Energy Minister Calls for Reform of Oil Taxes
Russia’s energy minister has told Reuters his country should reform oil taxation to bring into production some 10 billion tonnes of currently uneconomic reserves and boost producers’ margins to compete better with rivals such as U.S. shale firms.
Alexander Novak said oil production in Russia, which has enough reserves of crude to sustain current production for over 50 years, could decline if the tax system remained unchanged.
“We have the highest oil taxes in the world. On average they amount to 68-70% of revenues. But in the case of West Siberian fields with no tax breaks, for example, they amount to 85%,” Novak said in an interview.
Russia had long been the world’s largest crude oil producer before being overtaken last year by the United States, whose production has skyrocketed because of the shale oil boom.
The cost of producing crude in Russia is higher than in Saudi Arabia, the world’s top oil exporter. It is lower than in the United States, however, thanks to a weak local currency, fairly easy-to-extract reserves and cheaper oil services.
Russian oil production has repeatedly surprised on the upside over the past decade despite predictions of a slowdown in mature West Siberian fields, but Novak said the upward trend could soon end.
“We have great reserves but a big chunk is uneconomical under the current tax regime. The current tax regime doesn’t allow us to raise output significantly,” he said.
Like many other oil producers, Russia depends heavily on revenues from crude and gas. The Finance Ministry has repeatedly opposed lowering taxes on the oil industry.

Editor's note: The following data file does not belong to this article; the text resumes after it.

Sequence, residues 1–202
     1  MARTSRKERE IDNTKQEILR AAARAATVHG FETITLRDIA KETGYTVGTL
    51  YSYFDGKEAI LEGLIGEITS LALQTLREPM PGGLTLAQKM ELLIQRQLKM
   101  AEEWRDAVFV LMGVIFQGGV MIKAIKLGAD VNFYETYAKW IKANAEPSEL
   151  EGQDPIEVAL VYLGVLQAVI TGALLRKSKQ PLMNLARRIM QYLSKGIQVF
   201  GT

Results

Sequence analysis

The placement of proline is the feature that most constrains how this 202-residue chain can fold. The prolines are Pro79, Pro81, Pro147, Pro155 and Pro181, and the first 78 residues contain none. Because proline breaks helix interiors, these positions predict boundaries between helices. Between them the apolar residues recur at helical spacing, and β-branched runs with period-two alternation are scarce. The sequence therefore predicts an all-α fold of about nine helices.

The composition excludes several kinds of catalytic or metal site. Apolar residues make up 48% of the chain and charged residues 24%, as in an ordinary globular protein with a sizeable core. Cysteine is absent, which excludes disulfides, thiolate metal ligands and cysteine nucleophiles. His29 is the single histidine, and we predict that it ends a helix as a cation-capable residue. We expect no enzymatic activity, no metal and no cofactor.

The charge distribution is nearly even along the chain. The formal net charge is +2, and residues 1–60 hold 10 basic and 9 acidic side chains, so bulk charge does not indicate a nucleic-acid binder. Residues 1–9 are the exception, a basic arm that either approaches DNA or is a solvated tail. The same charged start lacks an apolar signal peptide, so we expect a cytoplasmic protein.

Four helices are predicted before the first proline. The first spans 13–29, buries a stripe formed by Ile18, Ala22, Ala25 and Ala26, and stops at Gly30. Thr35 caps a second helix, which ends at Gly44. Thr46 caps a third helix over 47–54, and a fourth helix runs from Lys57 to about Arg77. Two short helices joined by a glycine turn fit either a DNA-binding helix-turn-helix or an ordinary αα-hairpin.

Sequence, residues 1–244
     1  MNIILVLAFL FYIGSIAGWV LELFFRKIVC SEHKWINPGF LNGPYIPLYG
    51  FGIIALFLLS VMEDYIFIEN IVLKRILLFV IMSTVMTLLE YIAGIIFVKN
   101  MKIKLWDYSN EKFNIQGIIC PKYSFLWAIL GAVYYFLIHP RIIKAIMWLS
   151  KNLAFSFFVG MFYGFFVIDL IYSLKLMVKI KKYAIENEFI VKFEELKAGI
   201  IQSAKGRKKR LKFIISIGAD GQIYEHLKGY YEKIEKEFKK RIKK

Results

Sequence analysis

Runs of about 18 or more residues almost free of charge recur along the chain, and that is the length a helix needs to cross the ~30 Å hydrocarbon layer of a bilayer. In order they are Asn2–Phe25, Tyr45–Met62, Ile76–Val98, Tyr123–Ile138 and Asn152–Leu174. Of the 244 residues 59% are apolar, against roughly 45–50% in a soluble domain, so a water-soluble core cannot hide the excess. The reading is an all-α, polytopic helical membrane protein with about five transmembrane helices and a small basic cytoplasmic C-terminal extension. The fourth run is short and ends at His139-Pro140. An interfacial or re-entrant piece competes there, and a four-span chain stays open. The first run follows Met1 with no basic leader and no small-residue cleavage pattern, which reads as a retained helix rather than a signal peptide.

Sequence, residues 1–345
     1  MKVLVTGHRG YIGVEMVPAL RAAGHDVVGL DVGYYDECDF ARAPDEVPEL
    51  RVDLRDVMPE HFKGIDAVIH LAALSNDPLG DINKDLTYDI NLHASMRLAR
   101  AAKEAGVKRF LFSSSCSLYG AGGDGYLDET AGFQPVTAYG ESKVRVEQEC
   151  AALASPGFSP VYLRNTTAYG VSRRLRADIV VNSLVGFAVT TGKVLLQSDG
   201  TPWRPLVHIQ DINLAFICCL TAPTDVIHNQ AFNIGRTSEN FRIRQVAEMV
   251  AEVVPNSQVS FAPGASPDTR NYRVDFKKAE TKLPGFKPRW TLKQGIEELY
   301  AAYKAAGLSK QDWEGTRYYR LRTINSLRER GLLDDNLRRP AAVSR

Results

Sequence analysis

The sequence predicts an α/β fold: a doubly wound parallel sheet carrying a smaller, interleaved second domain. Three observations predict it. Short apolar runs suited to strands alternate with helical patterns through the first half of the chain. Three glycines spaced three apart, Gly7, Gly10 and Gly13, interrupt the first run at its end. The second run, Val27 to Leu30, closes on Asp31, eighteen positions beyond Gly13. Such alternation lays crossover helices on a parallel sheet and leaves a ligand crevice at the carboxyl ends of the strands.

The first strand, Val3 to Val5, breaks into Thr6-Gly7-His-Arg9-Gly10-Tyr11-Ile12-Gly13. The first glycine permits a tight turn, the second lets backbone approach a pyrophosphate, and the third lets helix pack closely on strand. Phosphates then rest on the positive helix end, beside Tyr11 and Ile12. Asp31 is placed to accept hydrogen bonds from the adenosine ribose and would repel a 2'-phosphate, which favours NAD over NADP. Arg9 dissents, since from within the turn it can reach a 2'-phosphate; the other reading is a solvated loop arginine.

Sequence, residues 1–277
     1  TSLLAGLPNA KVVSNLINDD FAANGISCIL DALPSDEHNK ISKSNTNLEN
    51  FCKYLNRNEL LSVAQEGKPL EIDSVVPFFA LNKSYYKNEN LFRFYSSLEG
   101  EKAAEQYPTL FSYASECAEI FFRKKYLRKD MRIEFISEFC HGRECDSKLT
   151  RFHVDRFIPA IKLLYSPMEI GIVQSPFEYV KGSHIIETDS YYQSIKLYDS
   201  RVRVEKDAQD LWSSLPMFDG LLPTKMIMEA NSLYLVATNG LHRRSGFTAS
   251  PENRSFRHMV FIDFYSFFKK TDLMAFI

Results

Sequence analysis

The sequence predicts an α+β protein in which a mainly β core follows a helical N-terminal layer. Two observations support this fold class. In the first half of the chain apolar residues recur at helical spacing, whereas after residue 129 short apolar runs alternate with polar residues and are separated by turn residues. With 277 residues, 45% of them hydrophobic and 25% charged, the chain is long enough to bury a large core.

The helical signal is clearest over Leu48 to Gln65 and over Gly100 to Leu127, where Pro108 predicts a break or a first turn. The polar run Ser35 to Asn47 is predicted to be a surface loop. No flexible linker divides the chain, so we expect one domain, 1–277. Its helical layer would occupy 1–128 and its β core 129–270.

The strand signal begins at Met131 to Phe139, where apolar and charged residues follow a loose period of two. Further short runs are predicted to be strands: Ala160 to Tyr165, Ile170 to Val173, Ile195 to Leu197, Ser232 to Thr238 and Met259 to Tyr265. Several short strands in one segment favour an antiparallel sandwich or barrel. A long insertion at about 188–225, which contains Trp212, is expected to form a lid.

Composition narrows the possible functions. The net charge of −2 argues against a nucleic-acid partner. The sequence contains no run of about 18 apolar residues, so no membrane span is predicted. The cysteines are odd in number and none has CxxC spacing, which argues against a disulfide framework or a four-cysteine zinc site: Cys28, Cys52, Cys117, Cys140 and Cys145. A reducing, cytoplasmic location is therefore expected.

“If we don’t change the tax regime and don’t encourage new field development in West Siberia and the Arctic, we won’t be able to maintain the current level of production just a few years from now,” Novak said.
He said the United States was able to compete with producers such as Russia thanks to cheap credit and taxes that are levied mainly on company profits. In Russia, oil-industry taxes are based on revenues and output.
Novak said he was proposing to widen the use of profit tax instead of the mineral extraction tax, which is based on output volumes rather than a project’s profitability.
He said Russia should also give tax breaks for exploration work, small field development and advanced oil extraction technologies by allowing firms to amortise and deduct those costs from the mineral extraction tax.
Such measures could raise profit margins by $3-$5 a barrel, make Russian oil more competitive and bring into production up to 10 billion tonnes (73 billion barrels) of new reserves, which at current prices would generate $4 trillion for Russia.
Russia has been reducing oil output in tandem with the Organization of the Petroleum Exporting Countries (Opec) since 2017. Novak said the production cut had allowed oil prices to be maintained at levels that encouraged investment in new fields.
He said in the longer term, oil would stay near $50 a barrel because booming production in the United States and elsewhere was offsetting the loss of Iranian and Venezuelan output and events such as last month’s attacks on Saudi oil facilities.
“Everyone has forgotten about oil at $100 per barrel. We live based on mid-term oil price assumptions of $50 … Our budget is based in 2019 on oil prices of $43-$45 per barrel.”